20 September 2010

The Jews and the Chinese: Reaching for the Moon

The Jews and the Chinese: Reaching for the Moon, by Michele Kriegman [source: Moment 10 (1995): 32-33]

Every autumn since my marriage to an ethnic Chinese man, I had celebrated the holiday of the 5,000-year-old culture whose people gather on the 15th of Tishri to reenact an important historic event while enjoying the harvest moon. But although the 15th of Tishri is the first day of Sukkot, these people are not Jewish and the holiday celebrated is not Sukkot. It is the Chinese Moon Festival, or Mid-Autumn Festival, that is celebrated throughout the sphere of Chinese cultural influence, from Vietnam to Japan. Not having grown up in a family of Sukkot-celebrators, it took several years before I realized that the Asian holiday coincided with a holiday of my own people. I have found that selectively borrowing from the Moon Festival can draw us back to the agricultural roots of Sukkot, to appreciate better the Creator of nature, and fulfill our need for connection with other peoples. But juxtaposing these two different full-moon holidays also confirms for me the distinctiveness of the Jewish people and our ethical mission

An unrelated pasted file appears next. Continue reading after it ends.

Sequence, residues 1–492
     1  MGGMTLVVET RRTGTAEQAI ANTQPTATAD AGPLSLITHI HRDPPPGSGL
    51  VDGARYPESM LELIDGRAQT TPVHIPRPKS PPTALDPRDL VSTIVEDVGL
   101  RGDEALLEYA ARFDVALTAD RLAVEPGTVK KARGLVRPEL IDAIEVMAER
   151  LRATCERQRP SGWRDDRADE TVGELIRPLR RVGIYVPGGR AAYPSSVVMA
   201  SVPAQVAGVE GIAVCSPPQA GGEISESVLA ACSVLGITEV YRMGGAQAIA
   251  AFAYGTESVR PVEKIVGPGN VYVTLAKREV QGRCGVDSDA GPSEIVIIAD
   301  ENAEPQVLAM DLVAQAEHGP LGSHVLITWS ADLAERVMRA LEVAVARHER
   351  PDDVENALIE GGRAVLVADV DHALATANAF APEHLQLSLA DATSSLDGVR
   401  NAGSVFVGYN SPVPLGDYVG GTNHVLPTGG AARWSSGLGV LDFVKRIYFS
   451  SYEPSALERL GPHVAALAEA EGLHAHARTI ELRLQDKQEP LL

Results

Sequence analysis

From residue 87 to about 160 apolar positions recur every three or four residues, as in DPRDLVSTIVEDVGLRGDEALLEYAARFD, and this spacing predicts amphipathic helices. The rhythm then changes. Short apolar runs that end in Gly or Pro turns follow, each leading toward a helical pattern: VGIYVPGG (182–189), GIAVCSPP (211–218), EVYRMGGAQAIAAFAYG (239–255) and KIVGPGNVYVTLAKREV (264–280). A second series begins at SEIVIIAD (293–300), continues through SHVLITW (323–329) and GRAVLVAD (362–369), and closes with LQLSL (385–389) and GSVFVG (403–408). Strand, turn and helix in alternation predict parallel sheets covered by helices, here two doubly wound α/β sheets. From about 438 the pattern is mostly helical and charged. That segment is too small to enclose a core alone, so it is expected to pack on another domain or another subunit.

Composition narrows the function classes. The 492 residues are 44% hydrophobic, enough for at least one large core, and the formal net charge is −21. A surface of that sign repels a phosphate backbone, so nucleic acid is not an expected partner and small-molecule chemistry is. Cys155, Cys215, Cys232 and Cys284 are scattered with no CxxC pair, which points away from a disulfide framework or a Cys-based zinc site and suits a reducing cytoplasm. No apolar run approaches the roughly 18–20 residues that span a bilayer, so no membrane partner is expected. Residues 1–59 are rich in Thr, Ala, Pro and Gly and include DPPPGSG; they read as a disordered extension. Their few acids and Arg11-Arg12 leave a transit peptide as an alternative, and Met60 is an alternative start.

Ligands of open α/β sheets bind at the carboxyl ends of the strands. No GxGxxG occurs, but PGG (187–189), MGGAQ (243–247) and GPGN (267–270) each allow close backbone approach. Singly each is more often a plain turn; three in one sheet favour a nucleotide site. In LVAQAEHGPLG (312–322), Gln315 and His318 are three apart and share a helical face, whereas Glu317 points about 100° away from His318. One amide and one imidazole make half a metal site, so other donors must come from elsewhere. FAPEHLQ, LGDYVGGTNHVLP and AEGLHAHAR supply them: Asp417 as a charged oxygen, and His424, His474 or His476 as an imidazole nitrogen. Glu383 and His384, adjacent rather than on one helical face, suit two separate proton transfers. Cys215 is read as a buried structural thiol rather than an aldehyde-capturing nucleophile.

Link: The Jews and the Chinese: Reaching for the Moon